Who’d be a freelancer in the arts in 2019? Christy Romer sheds light on the human cost of being self employed in the cultural sector.
Given the choice, few people would opt for a career defined by crushing workloads, financial instability and mental strain. Where new entrants accept punishing conditions as the norm, constantly undercutting a fragile ecosystem.
But that’s just how it goes in the arts. Workers have two choices: shut up or leave.
There’s little hope for a solid pension or a decent work/life balance. There are few support mechanisms to challenge low pay, and it’s increasingly difficult to live on an arts income alone.
There’s also the persistent fear that to speak out is to invite a toxic black mark against your already fragile career.
But freelancers? Freelancers in the arts hit the instability jackpot. They enter a market with no money and ask for the scraps, billing for what the organisation can afford, not what the job is worth. Unlike employees, they’re never paid for the in-between times; they sometimes lose money in preparing for and delivering jobs, which employees don’t. And it’s probably the only industry in which taking on a PhD just to live off an associated scholarship – which one respondent to the ArtsPay survey reported doing – is an understandable career choice.
Naturally, meeting the high cost of living in cities – or trying to get a mortgage – becomes even harder for those on an inherently unreliable freelance income. But the challenges facing freelancers on a day-to-day basis are more complex than this, as responses to the survey underline.
Some respondents explained that the financial situation of arts organisations is so dire that freelancers are sometimes required to do their own fundraising to pay for the work they themselves would be bringing in. Projects may lead to other projects, respondents say, but they never lead to better pay, so workers become trapped in a cycle of reliance on others, whether they be parents, loved ones, or grant-making institutions.
One person commented that arts organisations’ failure to produce realistic budgets – and funders’ reluctance to interrogate such budgets – was contributing to falling pay in the sector. “Often there is a fixed fee for project management and you know it’s not enough for the time that you put in and doesn’t allow for a decent daily rate,” they said, adding that there “wouldn’t be any work” if they rejected jobs without a decent daily rate.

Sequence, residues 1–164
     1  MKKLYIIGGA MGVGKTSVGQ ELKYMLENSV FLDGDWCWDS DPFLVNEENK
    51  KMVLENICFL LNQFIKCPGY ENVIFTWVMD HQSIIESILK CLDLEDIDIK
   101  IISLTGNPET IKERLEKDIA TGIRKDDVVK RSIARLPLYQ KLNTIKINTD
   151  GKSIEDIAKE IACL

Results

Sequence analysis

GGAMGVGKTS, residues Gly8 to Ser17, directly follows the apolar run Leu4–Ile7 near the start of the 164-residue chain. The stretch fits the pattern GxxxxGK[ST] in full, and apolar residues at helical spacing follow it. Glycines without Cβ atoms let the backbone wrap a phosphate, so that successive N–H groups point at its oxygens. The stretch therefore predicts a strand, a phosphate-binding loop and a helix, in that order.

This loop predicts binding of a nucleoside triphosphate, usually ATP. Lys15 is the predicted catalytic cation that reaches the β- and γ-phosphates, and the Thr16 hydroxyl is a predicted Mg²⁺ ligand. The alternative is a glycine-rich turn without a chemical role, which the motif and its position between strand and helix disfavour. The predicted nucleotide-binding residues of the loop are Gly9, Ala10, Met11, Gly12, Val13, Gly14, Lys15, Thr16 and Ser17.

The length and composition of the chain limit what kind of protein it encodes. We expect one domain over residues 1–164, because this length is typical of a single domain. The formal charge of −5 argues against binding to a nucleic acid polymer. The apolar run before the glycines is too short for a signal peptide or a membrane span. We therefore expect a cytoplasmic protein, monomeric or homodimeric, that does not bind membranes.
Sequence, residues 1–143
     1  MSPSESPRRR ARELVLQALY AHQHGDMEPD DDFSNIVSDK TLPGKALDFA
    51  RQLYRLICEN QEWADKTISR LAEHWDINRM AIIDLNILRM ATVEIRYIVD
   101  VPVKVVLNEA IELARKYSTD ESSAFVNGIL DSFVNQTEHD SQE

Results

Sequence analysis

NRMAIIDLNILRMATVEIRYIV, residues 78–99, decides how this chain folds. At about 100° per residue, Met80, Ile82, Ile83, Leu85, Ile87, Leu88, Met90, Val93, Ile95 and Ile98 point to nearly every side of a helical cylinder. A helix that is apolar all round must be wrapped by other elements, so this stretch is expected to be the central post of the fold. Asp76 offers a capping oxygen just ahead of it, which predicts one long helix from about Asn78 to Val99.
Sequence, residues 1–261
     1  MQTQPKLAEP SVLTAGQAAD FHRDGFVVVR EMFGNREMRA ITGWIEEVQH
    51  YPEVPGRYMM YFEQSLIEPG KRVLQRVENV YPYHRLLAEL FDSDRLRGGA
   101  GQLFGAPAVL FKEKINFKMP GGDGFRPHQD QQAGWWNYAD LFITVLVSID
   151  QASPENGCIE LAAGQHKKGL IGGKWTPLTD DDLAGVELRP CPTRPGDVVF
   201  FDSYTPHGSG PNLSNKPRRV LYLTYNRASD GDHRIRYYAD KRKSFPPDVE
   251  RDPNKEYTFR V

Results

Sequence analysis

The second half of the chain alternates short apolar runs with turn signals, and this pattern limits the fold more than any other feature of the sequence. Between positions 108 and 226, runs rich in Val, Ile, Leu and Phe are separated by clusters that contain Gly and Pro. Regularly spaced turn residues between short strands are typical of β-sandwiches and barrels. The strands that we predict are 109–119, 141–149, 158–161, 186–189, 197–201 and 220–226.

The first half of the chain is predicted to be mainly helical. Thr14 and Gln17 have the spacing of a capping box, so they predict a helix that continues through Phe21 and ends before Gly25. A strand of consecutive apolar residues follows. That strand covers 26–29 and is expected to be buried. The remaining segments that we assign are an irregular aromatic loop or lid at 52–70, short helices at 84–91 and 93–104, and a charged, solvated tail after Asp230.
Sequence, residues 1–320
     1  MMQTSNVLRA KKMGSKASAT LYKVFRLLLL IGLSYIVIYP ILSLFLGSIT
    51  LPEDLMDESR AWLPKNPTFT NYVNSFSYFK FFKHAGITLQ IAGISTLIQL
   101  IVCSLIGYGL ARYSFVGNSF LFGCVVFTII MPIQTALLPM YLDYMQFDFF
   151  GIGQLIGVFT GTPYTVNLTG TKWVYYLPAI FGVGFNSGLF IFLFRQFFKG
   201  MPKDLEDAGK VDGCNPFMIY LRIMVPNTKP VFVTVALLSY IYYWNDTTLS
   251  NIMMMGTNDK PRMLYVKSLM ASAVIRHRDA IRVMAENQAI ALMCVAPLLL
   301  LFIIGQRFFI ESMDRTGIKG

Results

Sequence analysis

Further pressure on freelance pay comes from the fact that some full-time workers supplement their main income with freelance work. One survey respondent said they’d only been able to increase earnings in their main job by £5k before tax after 23 years of working in the same kind of role for the council, forcing them to cover outgoings and wildly increasing rent with regular snippets of freelance art work.
And for people without the security of a permanent contract, there is always the possibility that one change in circumstances can throw everything. Writing in a blog, theatre maker Daniel Bye explained how being forced onto crutches for two weeks by a seemingly innocuous running accident had ripped apart his carefully calibrated financial plans and taught him about the precariousness of a freelance career. “The pain, the infection, the difficulty of getting around on crutches, the total exhaustion of it all, mean that everything non-essential had to be dropped,” he said, noting the same level of financial damage could be caused by a bereavement, a break-up, or an illness.
“However well you’re doing, it only takes one thing for it to all come tumbling down,” he added.
Yet people will continue to throw themselves into such conditions, because employed versions of the roles they’re looking for no longer exist – if they ever did. Speaking to AP, one artist in a London studio facing increased rates – which would have seriously threatened their own finely-balanced economic situation – said that for all the difficulties in juggling financial priorities and negotiating the emotional strain of relying on others, changing course was not an option. “We make art because the thought of not making art, even under these circumstances, is more painful,” the person added.
Another survey respondent summed it up similarly. “We are passionate about the work, we want it to be done brilliantly and we exploit ourselves by working above and beyond the fees we are offered,” they said. “We also agree to deliver projects that are hopelessly underfunded because we want to make them happen.
“Funders know we’ll do this so there’s no incentive for them to pay us properly or truly evaluate the proper costs of so many arts projects.”
They continued: “I am coming to the end of a three-year project which has been amazing and at first glance has been well paid - but hasn’t really. My skills and experience are such that if I were in a ‘proper job’ I would expect to be earning £30k - £35k+.
“Having said all that and despite the insecurity I’m going to continue for as long as I can.”
It’s no secret that working freelance is terribly insecure. The least the sector could do in response is make sure that conditions for such workers are as comfortable and dignified as possible.
Christy Romer is a journalist at ArtsProfessional.